Viceregal Mexico City’s African-descent population was greater than its Spanish population and this Afro-Mexican population had a significant impact on the city. Colonial documents reveal that people labeled negro and mulato participated in every aspect of colonial urban society, from baptisms to bread riots. This chapter describes Black and Mulatto participation in Mexico City’s religious life by examining practices ranging from orthodox Catholicism to practices that Spanish authorities defined as “witchcraft”. Religious practices provide lenses to explore social relationships and ideas about identity based in conceptions of race and ethnicity. What becomes clear is that the urban environment facilitated identity creation along racial and ethnic lines as well as social mixing that complicated these identities. This chapter shows that as Blacks and Mulattos participated in viceregal urban life, they came in contact with and forged relationships with all members of society and participated in all aspects of urban society.
This chapter discusses the role played by the cabildo (municipal council) in shaping the political and religious identity of Mexico City by focusing on the rush for the election of patron saints (native patron saints, in particular), which dominated the city of Mexico since the late 16th century. The chapter argues that this rush was much more than simply a manifestation of the piety of the inhabitants of Mexico City. It was part of a larger movement to assert the crucial place that cities occupied in the structure of the Spanish Empire, at a time when the Spanish monarchs were acquiring their greatest authority to the detriment of the power of the cities. In that regard, patron sainthood represents an excellent window through which to examine the tension between the local and the imperial in the shaping of the city’s identity.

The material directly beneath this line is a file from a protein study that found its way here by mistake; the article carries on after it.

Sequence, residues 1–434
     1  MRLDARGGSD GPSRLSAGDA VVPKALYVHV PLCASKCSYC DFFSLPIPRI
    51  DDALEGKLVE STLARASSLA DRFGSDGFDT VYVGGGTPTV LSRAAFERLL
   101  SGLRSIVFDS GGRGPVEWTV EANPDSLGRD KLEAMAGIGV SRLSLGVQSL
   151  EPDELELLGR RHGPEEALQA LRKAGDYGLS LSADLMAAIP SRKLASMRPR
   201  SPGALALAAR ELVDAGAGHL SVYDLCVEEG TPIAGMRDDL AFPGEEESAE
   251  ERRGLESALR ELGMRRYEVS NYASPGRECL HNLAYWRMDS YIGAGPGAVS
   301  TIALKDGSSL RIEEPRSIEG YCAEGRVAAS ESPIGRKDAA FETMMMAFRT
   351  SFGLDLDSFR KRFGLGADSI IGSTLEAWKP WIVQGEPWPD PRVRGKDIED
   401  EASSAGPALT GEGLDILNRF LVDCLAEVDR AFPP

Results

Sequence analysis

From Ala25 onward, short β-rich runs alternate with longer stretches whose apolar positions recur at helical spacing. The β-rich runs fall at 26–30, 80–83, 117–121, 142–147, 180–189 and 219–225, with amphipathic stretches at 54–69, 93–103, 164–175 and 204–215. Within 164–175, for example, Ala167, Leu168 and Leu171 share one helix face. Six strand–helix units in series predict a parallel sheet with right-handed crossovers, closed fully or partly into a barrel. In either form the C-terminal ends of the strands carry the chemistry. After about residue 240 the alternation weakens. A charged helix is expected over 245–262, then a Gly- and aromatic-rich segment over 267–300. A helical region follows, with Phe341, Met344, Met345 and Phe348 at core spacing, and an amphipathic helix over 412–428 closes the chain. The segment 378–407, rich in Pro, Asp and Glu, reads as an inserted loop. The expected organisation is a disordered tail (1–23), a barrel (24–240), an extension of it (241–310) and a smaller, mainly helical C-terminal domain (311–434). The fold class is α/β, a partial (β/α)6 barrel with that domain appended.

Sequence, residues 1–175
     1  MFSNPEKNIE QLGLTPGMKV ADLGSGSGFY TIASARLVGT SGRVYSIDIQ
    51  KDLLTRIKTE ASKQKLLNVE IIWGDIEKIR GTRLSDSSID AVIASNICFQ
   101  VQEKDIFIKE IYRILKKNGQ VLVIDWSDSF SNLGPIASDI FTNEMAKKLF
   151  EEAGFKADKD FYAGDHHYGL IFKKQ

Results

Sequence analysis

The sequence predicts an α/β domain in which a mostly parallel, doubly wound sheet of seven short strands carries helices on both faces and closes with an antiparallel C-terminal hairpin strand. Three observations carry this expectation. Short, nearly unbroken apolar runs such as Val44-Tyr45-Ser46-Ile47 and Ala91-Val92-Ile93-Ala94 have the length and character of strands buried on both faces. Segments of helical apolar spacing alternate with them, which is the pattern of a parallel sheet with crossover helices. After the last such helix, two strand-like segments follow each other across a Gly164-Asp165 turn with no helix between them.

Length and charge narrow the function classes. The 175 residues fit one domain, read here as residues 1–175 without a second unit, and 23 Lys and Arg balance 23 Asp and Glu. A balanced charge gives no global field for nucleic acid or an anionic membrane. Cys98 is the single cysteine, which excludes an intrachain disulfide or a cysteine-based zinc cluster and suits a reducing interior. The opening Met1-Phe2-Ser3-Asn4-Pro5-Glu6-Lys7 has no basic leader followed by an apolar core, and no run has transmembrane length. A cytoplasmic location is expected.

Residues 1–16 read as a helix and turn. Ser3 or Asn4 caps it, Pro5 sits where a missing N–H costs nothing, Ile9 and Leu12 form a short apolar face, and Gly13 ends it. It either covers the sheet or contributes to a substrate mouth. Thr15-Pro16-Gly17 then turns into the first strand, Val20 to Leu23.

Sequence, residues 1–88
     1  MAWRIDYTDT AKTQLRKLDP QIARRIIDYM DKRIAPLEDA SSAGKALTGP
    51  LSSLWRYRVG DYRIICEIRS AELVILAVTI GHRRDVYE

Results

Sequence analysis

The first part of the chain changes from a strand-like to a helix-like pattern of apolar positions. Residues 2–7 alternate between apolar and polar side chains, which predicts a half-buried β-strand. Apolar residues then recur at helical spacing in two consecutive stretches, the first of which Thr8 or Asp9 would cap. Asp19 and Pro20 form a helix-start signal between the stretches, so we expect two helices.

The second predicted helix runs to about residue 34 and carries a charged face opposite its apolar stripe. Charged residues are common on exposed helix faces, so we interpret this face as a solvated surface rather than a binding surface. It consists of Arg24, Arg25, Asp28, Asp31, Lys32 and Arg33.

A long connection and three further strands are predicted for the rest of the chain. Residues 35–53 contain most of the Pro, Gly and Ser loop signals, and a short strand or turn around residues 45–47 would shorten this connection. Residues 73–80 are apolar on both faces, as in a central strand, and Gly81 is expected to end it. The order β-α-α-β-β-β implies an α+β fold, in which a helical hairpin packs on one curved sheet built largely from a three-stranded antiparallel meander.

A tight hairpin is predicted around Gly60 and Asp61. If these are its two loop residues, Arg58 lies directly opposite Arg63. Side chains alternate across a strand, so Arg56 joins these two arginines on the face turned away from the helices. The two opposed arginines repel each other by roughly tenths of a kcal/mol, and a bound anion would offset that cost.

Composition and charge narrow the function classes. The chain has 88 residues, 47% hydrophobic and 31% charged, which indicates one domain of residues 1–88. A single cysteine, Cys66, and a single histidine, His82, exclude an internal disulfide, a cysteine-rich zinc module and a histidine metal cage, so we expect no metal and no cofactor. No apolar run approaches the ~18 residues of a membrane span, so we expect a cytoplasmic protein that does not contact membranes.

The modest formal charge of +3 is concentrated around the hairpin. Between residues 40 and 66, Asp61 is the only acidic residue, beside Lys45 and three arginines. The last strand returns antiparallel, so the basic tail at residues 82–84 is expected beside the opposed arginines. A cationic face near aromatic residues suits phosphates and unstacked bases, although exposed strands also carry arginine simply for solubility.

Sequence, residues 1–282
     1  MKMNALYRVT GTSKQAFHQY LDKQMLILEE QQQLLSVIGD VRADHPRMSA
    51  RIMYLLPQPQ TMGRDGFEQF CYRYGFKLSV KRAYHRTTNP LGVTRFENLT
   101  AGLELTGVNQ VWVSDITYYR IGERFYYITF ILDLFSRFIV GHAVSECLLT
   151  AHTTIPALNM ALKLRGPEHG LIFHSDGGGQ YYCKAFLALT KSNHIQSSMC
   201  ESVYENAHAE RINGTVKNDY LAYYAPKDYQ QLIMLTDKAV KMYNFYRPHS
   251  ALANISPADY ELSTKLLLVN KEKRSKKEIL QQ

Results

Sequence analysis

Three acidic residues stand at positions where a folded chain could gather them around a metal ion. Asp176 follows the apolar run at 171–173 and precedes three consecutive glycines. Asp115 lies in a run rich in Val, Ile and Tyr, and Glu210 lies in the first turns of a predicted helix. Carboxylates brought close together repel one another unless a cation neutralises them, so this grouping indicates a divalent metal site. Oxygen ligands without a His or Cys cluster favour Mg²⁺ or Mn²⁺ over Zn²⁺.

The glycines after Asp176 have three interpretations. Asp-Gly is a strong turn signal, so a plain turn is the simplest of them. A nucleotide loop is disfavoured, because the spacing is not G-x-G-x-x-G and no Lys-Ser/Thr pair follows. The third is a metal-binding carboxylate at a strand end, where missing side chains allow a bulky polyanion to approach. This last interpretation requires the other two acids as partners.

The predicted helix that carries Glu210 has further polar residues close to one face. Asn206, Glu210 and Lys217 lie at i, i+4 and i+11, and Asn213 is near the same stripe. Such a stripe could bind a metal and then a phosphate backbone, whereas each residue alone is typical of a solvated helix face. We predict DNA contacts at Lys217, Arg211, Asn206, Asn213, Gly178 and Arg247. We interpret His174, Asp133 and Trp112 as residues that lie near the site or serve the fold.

The Church was the predominant institution in colonial cities, where its houses of worship were the hubs of social, cultural, economic and religious life, while, in its convents, important alliances were forged, business was undertaken, and financial transactions were carried out. Half of all the real estate in colonial cities belonged to the Church, and its clergy oversaw its schools and charitable institutions, monopolizing the printing of books and sponsoring artists, musicians, craftsmen, and professionals. Although the missionary friars who built the religious schools were the first to settle in Mexico City, the archbishops began to displace them over time, finally becoming the capital’s main religious authorities.
The essay examines examples of visual arts to appreciate how people in viceregal Mexico City perceived printed texts and images. Following a brief summary of local print history, the essay examines the era’s perceptions of print’s intrinsic and associated characteristics through visual representations–pictures of printed materials–bolstered by archival records and period texts. The essay concludes that printed materials were represented in works of art to communicate multiples messages regarding learning, race, class, and status.